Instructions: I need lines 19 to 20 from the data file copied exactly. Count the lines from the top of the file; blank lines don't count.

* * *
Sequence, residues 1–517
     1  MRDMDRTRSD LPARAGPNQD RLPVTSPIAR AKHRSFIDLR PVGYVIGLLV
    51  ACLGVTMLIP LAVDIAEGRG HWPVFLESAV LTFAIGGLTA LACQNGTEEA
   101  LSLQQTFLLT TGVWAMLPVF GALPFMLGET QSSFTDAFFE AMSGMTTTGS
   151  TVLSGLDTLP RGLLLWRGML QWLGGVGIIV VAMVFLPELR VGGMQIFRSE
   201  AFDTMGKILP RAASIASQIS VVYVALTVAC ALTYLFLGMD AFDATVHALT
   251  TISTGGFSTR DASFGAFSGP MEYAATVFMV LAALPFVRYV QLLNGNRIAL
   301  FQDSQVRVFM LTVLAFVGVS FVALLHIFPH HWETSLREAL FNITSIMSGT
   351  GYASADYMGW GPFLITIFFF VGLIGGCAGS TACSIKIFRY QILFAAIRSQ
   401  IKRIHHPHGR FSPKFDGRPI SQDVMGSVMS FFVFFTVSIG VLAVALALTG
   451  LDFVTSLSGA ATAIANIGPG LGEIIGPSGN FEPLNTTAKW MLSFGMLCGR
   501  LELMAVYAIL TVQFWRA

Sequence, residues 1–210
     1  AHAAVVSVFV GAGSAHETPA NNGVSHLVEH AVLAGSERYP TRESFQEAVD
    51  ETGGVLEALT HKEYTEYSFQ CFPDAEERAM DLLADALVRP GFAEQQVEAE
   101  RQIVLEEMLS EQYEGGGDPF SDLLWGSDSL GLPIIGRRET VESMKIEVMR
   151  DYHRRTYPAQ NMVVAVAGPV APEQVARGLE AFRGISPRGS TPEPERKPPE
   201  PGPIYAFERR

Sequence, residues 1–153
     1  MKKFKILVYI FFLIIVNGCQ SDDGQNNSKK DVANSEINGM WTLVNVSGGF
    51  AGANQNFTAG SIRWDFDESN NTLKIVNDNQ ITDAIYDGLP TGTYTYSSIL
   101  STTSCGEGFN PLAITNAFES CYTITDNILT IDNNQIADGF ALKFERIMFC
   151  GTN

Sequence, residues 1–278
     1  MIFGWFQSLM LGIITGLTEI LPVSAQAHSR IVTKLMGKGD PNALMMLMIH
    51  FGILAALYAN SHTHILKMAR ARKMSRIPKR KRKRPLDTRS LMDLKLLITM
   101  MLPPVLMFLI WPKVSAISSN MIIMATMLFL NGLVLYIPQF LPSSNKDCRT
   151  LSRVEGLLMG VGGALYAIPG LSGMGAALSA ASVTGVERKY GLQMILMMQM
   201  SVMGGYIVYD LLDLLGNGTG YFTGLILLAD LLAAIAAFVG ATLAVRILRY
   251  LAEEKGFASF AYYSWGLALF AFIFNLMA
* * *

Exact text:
Sequence, residues 1–153
     1  MKKFKILVYI FFLIIVNGCQ SDDGQNNSKK DVANSEINGM WTLVNVSGGF